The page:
LOC Expands Offshore Wind Geotechnical Team
LOC Renewables, through its specialist naval architectural and design firm Longitude Engineering, has expanded its geoscience consultancy team to deliver a range of services related to the mitigation of ground risk for offshore wind development.
Besides conducting initial desk and feasibility studies, the geotechnical team will carry out site visits and assess geological and metocean conditions to identify the best siting for offshore wind farms and cabling corridors.
According to LOC, the provision of marine surveys will span geotechnical design and analysis that supports structural engineers to deliver a successful project, since good geotechnical and geological engineering is the base for wind farms to be installed and is essential for managing construction and operation risks.
“While there are many aspects to consider when it comes to windfarm development, the assessment of ground risk is crucial to a project’s success in the construction phase, and over its lifetime,” said Cara Watson, newly-appointed Lead Engineering Geologist at Longitude Engineering.
“Extensive experience in offshore energy allows us to offer a range of services including geohazard analysis, project planning, survey management and full ground model development.”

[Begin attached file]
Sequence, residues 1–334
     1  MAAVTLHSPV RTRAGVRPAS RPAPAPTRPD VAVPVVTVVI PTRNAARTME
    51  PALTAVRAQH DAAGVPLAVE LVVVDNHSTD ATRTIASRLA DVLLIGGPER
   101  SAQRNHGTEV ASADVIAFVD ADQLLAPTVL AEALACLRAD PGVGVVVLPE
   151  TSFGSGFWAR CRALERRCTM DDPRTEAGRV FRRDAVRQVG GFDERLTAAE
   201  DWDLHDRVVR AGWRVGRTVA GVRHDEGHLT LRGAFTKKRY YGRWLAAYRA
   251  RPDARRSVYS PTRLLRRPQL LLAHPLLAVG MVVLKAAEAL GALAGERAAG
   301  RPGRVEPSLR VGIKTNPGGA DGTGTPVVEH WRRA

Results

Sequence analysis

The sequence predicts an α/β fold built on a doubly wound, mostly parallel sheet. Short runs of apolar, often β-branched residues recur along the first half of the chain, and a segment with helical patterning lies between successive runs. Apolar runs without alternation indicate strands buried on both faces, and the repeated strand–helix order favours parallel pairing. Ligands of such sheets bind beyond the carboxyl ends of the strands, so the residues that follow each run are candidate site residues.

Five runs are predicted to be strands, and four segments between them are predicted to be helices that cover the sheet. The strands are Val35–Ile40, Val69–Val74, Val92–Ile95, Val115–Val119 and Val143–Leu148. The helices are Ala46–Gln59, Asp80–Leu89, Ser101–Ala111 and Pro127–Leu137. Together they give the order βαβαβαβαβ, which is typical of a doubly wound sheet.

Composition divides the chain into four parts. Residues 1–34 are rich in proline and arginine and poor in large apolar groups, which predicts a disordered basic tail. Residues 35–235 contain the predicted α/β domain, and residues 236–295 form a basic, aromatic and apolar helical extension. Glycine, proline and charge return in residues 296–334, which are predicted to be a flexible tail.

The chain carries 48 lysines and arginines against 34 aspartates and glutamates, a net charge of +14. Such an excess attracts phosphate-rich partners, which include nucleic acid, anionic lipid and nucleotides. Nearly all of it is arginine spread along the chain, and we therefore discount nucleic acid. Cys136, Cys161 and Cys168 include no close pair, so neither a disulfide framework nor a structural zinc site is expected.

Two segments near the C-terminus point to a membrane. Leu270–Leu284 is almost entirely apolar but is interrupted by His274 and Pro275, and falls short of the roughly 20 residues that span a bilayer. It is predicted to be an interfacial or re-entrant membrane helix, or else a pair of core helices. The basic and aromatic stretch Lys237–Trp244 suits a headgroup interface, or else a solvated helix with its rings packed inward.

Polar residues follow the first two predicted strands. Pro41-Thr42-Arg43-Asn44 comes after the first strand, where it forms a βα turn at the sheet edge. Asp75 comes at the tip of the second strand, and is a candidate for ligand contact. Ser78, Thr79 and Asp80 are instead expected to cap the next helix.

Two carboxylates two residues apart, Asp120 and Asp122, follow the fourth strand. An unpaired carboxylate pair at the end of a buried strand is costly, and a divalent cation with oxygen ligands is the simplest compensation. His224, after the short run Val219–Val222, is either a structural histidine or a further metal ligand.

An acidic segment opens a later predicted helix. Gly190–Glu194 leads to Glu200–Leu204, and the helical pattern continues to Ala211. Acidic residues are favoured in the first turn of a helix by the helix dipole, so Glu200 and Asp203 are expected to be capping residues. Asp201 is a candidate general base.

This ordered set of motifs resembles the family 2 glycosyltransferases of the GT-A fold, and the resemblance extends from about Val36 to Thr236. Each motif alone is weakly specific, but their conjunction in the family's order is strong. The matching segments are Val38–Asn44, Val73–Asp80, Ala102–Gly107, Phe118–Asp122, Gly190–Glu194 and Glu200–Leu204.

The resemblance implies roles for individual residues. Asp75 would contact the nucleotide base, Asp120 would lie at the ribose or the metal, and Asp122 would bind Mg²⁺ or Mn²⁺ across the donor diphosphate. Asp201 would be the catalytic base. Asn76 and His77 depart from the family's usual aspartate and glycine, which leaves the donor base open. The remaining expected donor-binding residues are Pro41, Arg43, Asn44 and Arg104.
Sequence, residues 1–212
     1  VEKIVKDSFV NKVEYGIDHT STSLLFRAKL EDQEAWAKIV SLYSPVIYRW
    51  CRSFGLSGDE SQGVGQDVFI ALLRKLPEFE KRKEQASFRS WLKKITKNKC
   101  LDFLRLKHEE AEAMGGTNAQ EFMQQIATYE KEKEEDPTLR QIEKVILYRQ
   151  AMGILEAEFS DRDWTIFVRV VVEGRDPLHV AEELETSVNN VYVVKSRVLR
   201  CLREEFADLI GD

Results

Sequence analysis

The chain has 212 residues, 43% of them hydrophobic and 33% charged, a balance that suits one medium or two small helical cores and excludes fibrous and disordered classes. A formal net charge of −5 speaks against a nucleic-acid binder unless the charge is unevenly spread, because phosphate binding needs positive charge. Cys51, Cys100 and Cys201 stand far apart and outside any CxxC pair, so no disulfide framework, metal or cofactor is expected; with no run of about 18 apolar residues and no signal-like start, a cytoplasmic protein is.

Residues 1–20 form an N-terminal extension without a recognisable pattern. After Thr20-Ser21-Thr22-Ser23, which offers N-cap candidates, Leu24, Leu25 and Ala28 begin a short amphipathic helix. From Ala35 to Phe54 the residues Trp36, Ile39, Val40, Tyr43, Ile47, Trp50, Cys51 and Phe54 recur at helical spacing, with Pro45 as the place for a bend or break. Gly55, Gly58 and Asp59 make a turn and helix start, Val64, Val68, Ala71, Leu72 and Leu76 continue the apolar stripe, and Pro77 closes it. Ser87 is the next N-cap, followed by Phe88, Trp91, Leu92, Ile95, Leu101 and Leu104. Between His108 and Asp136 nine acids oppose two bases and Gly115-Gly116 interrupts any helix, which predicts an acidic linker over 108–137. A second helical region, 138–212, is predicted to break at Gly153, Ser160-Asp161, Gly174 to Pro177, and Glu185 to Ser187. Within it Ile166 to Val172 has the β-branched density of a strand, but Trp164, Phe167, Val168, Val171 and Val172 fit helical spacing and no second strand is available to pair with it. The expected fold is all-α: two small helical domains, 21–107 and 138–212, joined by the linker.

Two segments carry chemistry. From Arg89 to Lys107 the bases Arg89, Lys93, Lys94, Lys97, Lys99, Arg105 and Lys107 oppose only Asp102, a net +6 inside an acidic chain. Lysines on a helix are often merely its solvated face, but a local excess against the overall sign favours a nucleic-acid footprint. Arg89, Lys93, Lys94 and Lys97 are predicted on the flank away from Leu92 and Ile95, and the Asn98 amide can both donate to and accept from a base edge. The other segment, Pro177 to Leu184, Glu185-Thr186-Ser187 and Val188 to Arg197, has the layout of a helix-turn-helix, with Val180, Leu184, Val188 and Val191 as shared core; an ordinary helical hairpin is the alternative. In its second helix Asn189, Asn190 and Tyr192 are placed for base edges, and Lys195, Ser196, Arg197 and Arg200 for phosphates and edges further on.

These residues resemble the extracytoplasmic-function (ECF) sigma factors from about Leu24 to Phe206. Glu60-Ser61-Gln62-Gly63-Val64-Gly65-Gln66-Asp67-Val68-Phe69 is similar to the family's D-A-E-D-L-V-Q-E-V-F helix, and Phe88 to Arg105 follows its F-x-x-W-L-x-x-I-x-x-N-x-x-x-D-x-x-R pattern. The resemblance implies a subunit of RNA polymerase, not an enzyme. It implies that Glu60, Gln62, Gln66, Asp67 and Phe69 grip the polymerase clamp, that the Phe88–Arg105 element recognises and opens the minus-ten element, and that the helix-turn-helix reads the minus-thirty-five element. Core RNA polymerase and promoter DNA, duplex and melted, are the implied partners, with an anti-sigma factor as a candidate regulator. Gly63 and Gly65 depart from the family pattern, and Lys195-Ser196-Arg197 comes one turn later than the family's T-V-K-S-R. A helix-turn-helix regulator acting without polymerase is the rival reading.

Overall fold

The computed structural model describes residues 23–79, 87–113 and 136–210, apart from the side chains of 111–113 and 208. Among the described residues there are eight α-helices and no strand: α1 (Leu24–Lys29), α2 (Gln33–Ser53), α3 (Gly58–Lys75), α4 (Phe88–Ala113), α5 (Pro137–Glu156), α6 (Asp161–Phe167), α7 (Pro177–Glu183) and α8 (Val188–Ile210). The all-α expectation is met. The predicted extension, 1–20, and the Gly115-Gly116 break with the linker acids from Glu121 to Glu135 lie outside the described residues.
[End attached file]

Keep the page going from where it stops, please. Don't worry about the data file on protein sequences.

The expansion of offshore wind means that developers face new geotechnical and geological design challenges on each project, LOC said, adding that with wind farms being built in so many different locations, and with a range of different technologies, engineering solutions need to be developed for varied and often difficult ground conditions.
“Foregoing the adequate consideration of ground risk introduces uncertainties and increases risks that project developers will usually end up paying for later. For example, without a detailed knowledge of the ground conditions, designers are forced to be more conservative and adopt larger and more expensive foundations for their turbines,” Cath Bradley, Lead Geotechnical Engineer at Longitude Engineering, said.
Obtaining the ground conditions at an offshore wind site enables optimized foundation designs, which in return lowers the risk of equipment damage and the risk of delays or cost overruns caused by layout, design or cable route changes, Bradley said.